July 21 It’s just past midnight, although it’s not dark of course. The wind was howling last evening after I went to bed. There is a dusting of fine sand inside my tent. It grits in my teeth and in the tent zipper and appears in every little nook and cranny of my sleeping bag and everything else. Outside I find little drifts of sand partially burying my gear. I shudder to think what it would have been like if willows hadn’t protected my camp from the full brunt of the wind.
Now the Yukon River slides past peacefully in a beautiful calm. I shake the sand off everything, pack up and launch out onto the water, ravens croaking in the distance.
There is no wind to fight, no waves to battle. The rhythm of my paddling in the steady current propels me downstream at five miles an hour, often faster. I turn my kayak around to admire the orange sunrise.
Mid-morning I stop to explore an old cabin atop a steep bluff. It’s a tougher scramble than expected, and thicker walking once I get on top. Like most remote cabins there is a certain amount of debris scattered about: chain saw parts, an old wheelbarrow, a snow-machine ski. There is a sign on a tree asking people to please not strip the birch trees of their bark. I recognize the family name, well known up and down the river. This cabin, like countless others along the Yukon, will probably end up a victim of the slowly eroding silt bluff it sits upon. If I built a cabin along the river, I’d make it small and put it on skids so I could use come-alongs to pull it back away from the river as needed. At least that’s what I tell myself. Of course, most of these cabins will last a lifetime, and wilderness people are often fatalistic, even when it comes to things like river ice or life jackets.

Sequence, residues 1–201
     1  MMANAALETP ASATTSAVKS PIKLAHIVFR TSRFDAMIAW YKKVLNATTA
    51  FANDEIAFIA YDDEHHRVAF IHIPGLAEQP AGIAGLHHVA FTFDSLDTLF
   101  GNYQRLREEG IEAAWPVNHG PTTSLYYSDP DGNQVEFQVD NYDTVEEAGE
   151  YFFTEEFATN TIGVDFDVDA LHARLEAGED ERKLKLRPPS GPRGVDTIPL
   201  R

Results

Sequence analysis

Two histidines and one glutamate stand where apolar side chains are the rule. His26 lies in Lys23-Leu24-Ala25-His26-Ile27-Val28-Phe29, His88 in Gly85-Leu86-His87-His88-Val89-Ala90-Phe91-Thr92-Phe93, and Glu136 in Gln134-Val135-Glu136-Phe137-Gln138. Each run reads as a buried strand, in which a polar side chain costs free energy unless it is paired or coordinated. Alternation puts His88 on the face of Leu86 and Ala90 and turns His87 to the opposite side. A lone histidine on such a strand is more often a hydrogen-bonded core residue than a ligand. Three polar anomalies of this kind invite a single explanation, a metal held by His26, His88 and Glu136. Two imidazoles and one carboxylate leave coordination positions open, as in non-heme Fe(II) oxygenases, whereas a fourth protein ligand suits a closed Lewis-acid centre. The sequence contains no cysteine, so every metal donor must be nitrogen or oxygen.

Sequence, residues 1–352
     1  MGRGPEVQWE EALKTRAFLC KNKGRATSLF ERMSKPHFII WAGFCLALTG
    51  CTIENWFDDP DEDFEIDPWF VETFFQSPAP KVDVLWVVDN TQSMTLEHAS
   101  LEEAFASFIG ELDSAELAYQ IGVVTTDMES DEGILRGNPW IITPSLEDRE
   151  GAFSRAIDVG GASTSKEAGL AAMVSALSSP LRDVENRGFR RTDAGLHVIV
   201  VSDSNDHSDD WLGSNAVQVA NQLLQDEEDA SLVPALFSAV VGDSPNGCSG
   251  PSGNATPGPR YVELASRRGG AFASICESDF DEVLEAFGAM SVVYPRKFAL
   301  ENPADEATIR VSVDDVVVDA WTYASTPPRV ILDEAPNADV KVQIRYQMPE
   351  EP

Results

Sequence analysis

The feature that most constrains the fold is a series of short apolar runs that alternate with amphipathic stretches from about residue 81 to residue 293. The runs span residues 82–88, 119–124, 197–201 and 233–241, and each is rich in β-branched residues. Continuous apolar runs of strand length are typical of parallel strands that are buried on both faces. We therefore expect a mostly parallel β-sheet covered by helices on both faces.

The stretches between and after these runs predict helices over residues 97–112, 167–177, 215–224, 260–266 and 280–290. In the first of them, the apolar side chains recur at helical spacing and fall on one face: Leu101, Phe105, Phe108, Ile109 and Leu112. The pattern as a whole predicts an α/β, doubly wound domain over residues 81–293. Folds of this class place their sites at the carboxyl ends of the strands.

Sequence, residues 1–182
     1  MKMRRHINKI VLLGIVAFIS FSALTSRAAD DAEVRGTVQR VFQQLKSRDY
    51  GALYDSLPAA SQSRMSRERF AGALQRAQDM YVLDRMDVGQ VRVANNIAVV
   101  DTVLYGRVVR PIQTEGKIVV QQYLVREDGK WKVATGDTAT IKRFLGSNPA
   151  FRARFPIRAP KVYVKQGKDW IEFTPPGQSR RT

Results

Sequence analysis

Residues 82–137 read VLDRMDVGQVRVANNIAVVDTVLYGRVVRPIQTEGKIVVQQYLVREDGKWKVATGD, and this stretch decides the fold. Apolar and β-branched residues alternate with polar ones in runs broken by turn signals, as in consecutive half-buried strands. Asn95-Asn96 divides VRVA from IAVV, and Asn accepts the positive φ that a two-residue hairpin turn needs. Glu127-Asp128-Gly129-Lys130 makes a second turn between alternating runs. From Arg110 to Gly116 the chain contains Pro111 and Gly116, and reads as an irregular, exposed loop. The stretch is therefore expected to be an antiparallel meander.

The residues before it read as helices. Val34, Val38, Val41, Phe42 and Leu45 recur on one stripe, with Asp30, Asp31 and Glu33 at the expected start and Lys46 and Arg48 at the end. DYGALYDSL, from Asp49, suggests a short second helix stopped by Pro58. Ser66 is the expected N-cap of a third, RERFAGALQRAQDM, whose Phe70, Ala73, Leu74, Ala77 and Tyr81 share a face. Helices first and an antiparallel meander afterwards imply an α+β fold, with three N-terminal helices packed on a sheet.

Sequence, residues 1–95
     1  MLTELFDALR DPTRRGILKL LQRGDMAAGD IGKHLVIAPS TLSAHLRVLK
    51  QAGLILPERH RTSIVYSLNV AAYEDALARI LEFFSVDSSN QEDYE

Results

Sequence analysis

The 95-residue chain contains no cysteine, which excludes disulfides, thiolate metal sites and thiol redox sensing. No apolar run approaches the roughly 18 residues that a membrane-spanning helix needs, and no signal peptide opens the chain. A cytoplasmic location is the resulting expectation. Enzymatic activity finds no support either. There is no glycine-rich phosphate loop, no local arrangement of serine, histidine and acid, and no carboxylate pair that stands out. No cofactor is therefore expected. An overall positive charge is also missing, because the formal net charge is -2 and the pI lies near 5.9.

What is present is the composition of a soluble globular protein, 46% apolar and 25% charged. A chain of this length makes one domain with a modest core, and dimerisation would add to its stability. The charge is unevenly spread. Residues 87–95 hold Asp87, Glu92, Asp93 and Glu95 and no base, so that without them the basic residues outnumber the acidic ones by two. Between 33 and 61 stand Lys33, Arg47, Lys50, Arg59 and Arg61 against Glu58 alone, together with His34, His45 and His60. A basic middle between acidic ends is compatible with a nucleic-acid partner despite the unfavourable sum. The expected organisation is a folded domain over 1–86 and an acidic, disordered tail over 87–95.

Downriver I paddle past an old burn. I stop to look for blueberries but I don’t even find any blueberry bushes, let alone berries. Later a clear creek runs into the silty water of the Yukon. This spot screams “pike.” I land the boat and deploy my telescopic spinning rod, tying on a big spoon. I am so confident of catching a nice pike that I set up my camera and tripod. The spoon hits the water with a splash and almost immediately there’s a big swirl and I feel a strike, but it gets loose. When I cast again there is a solid strike and my reel screams as the big fish charges away, but again the line suddenly goes slack.
A few steps upstream I cast again. There is a slashing strike. The reel sings and my rod bows dangerously. Yahooooo! I try to keep him away from the weeds and snags, gaining line when I can, losing line when he makes a strong run. As he tires I see him, a big, mottled pike. When I reach down to unhook him I see a plume of blood. Although I’m using a single, barbless hook, somehow he’s injured himself. He’s bigger that I can eat for one meal, but he’ll be an all-I-can-eat feast today. I grab a stout stick and whack him on the head, then pose for a photo. Miraculously, my camera setup hasn’t jinxed the fishing.
I gather plentiful dry driftwood, building a fire on the firm mud of the riverbank. While it burns down to coals, I retrieve a sharp knife and filet my catch, wrapping the meat in two packages of aluminum foil, then lay the foil packages onto the coals, stacking another layer of coals on top. In moments I hear the meat sizzling. A few minutes later I use a stick to push one package out. The meat flakes perfectly.
Out of my food supplies I take package of ramen seasoning and sprinkle it on the steaming meat. It’s delicious. What a feast! I wash it down with cold water. What a treat.
I put the remaining meat on the floor of the boat, in the shade, near the cold water of the river. Definitely a necessity, it’s a beautiful, sunny day, the hottest of the whole trip.
The river does a big loop. The map shows a channel shortcut through some islands. Unlike many shortcuts, it works well, saving me a mile or more. As I near the end of one island I lynx pokes it’s head around the corner, immediately ducking away before I can get a good look.
I paddle for miles looking for a good campsite, which turns out to be a nice spot shaded by willows. It’s 8 PM, nearly 20 hours since I got up. Not another person in the world. It’s been a fine day.